Methionine (Met) is prone to oxidation and can be converted to Met sulfoxide (MetO), which exists as R- and S-diastereomers. MetO can be reduced back to Met by the ubiquitous methionine sulfoxide reductase (Msr) enzymes. Canonical MsrA and MsrB were shown to be absolutely stereospecific for the reduction of S-diastereomer and R-diastereomer, respectively. Recently, a new enzymatic system, MsrQ/MsrP which is conserved in all gram-negative bacteria, was identified as a key actor for the reduction of oxidized periplasmic proteins. The haem-binding membrane protein MsrQ transmits reducing power from the electron transport chai...
Source: Biochemical Journal - December 6, 2018 Category: Biochemistry Authors: Tarrago, L., Grosse, S., Siponen, M. I., Lemaire, D., Alonso, B., Miotello, G., Armengaud, J., Arnoux, P., Pignol, D., Sabaty, M. Tags: Research Articles Source Type: research

Solution structure of TbCentrin4 from Trypanosoma brucei and its interactions with Ca2+ and other centrins
Centrin is a conserved calcium-binding protein that plays an important role in diverse cellular biological processes such as ciliogenesis, gene expression, DNA repair and signal transduction. In Trypanosoma brucei, TbCentrin4 is mainly localized in basal bodies and bi-lobe structure, and is involved in the processes coordinating karyokinesis and cytokinesis. In the present study, we solved the solution structure of TbCentrin4 using NMR (nuclear magnetic resonance) spectroscopy. TbCentrin4 contains four EF-hand motifs consisting of eight α-helices. Isothermal titration calorimetry experiment showed that TbCentrin4 has...
Source: Biochemical Journal - December 6, 2018 Category: Biochemistry Authors: Shan, F., Ye, K., Zhang, J., Liao, S., Zhang, X., Xu, C., Tu, X. Tags: Research Articles Source Type: research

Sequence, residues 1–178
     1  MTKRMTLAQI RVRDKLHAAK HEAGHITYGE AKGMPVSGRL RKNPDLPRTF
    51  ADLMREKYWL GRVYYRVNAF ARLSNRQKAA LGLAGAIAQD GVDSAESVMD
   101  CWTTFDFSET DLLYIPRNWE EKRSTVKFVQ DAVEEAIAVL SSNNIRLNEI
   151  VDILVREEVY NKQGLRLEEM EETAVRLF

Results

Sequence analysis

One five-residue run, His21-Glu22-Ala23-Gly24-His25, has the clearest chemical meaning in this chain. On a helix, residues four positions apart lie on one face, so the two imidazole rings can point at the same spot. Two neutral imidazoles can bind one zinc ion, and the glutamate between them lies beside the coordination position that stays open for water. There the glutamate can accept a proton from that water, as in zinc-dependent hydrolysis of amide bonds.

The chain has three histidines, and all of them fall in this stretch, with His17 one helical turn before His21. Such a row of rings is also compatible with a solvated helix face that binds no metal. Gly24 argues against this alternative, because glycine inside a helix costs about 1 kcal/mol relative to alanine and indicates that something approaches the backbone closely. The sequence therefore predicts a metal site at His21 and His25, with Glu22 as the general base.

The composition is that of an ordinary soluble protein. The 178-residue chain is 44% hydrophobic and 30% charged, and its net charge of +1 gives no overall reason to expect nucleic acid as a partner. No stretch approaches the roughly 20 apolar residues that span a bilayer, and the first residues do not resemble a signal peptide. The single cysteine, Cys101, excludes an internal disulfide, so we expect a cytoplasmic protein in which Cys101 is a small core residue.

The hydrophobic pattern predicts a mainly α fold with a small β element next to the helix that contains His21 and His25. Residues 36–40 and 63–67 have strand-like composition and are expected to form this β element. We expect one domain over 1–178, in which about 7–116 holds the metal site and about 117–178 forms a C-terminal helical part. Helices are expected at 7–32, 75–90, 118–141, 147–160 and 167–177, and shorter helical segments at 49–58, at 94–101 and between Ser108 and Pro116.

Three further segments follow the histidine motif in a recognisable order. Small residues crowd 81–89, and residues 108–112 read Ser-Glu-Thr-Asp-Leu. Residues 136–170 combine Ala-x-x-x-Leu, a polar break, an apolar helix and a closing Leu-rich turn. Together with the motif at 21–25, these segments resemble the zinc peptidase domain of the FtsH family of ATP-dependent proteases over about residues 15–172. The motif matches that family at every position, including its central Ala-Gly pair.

LIMK2-1, a new isoform of human LIMK2, regulates actin cytoskeleton remodeling via a different signaling pathway than that of its two homologs, LIMK2a and LIMK2b
LIMK1 and LIMK2 (LIMKs, LIM kinases) are kinases that play a crucial role in cytoskeleton dynamics by independently regulating both actin filament and microtubule remodeling. LIMK1 and, more recently, LIMK2 have been shown to be involved in cancer development and metastasis, resistance of cancer cells to microtubule-targeted treatments, neurological diseases, and viral infection. LIMKs have thus recently emerged as new therapeutic targets. Databanks describe three isoforms of human LIMK2: LIMK2a, LIMK2b, and LIMK2-1. Evidence suggests that they may not have completely overlapping functions. We biochemically characterized t...
Source: Biochemical Journal - December 6, 2018 Category: Biochemistry Authors: Vallee, B., Cuberos, H., Doudeau, M., Godin, F., Gosset, D., Vourc'h, P., Andres, C. R., Benedetti, H. Tags: Research Articles Source Type: research